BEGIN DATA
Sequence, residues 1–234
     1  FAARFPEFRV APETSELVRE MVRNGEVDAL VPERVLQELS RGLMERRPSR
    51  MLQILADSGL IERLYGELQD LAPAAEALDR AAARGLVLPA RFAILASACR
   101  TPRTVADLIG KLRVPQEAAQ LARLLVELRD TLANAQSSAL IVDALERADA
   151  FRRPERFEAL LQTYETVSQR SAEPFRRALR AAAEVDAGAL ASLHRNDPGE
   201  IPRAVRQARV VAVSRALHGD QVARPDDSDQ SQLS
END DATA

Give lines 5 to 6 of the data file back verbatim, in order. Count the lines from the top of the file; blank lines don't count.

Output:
   151  FRRPERFEAL LQTYETVSQR SAEPFRRALR AAAEVDAGAL ASLHRNDPGE
   201  IPRAVRQARV VAVSRALHGD QVARPDDSDQ SQLS